April 1, 2018
Following complications and long lines for spring 2018 class registration last semester, UCCS will now require students to battle for a seat in their classes in an MMA-style match. The match replaces registration through the UCCS portal for the fall semester.
On April 1, students from the Colleges of Engineering and Education fought fist to textbook in the Registration Thunder Bowl from 8 a.m. to 6 p.m. in the Gallogly Events Center. The remaining departments will fight event every weekend until the end of the month.
“This is really the only logical option,” said the dean of academic registration, Wyhatt Goforit. “It was so much work keeping the students under control. Why fight nature?”
Competitors were allowed to use whatever they could find in their backpacks along with items strewn about the court, including calculators, protractors and longboards.
A textbook to the back of the head took out Ima Wuss, a freshman goldfish education major, after only two minutes into the competition.
“It was horrifying. The moment they blew the whistle everything became a blur. Chairs and textbooks were flying everywhere. I thought I had a chance,” said Wuss from his hospital bed.
“Now I’m stuck taking Ethics 2222 on Friday night instead of Wednesday afternoon. My social life is officially ruined.”
Noma Mercy, a junior blender bike engineering major, was the last student standing after Sunday’s event. She boldly clutched her rotractor as she yelled out to the crowd, “Back off! I’m going to graduate! Don’t come any closer!”
Mercy is ecstatic that she will be able to graduate on time. She is grateful that she was able to defend her degree instead of depending on the school.
“I have friends that have to take an extra year of classes because their advisers made a mistake. Now, that isn’t going to happen to me,” she said.
The university raised $2 million through donations from local donors who were invited to attend on the first day of the event. According to Chancellor Runcat Teddy, it is estimated that the school will have raised $10 million by the end of the month.
“The money we raised at this event greatly exceeded our expectations,” said chancellor Runcat Teddy. “I think that we hit the jackpot on this one.”
The dean of the college of education, Veraly Nartin Fondley, believes that the Registration Thunder Bowl will revolutionize education.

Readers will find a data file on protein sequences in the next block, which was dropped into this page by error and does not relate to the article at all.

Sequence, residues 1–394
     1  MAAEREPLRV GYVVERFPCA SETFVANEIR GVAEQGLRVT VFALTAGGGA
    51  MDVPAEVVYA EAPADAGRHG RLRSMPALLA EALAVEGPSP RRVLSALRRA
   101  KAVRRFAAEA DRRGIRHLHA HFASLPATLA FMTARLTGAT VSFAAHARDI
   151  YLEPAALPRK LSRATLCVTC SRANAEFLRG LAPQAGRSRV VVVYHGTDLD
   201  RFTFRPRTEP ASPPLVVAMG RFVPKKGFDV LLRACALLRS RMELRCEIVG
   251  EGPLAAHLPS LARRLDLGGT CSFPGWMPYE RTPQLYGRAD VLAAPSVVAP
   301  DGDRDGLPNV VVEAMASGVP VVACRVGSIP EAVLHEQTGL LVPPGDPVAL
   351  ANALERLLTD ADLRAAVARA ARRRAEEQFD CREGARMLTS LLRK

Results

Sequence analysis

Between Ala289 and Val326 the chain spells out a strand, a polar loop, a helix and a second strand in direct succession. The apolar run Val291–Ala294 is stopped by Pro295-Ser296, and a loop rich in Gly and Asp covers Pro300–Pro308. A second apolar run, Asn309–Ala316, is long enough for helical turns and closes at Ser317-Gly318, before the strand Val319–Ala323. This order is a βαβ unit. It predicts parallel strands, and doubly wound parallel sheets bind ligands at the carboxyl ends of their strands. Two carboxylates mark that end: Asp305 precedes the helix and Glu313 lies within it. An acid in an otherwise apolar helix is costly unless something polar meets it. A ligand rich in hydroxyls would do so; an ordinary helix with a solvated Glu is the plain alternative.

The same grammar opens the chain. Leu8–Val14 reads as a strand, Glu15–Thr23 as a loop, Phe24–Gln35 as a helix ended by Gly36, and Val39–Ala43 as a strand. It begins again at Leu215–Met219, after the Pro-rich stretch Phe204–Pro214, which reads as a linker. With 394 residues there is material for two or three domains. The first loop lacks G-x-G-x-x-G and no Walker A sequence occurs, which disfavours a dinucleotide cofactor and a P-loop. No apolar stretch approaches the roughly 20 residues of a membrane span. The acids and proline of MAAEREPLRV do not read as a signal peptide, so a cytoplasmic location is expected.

“We always tell students to wait their turn. What if that has been wrong this whole time? Students who have mastered their classes will naturally out do the students who have been slacking off. Natural selection has finally reached the classroom,” she said.
The university originally planned to hold the event in the brand new Ent Center for The Arts. They changed their plans after the leaders of the Ent Center expressed their concerns.
Artsy Lartsy, director of the Ent Center was against holding the event in the building.
“No,” she said. “We have marble in the bathrooms; we can’t get blood on that. It would completely ruin the aesthetic.”
Student opinion to the idea has been mixed. Chaz Macenson, a junior meme analysis major, is excited to participate.
“I missed out on an elective I really wanted to take this semester. It made me want to punch someone in the face, and now I can. It’s a dream come true really.” Macenson said.
A group of students plans to stage a sit-in at the Academic Advising office to protest the change.
Protest organizer, Luca Duka, a senior bio-political science major, believes that the university administrators were unwise when they chose to move forward with the registration change.
“This is insane! You can’t have students fight like gladiators over the classes they need! We intend to stay in the academic advising office until the school returns to its senses,” he said.
Teddy called plans for the protest “cute” and stated his support for their expression of their first amendment rights.
He also announced that after the massive success of the first day of the Registration Thunder Bowl, the university is considering getting rid of academic advising altogether.
“Academic Advising is clearly a waste of time and money. With the money we can save on the advisors’ salaries, we can invest in a new stadium for future Registration Thunder Bowls. We only want the best for our students,” said Teddy.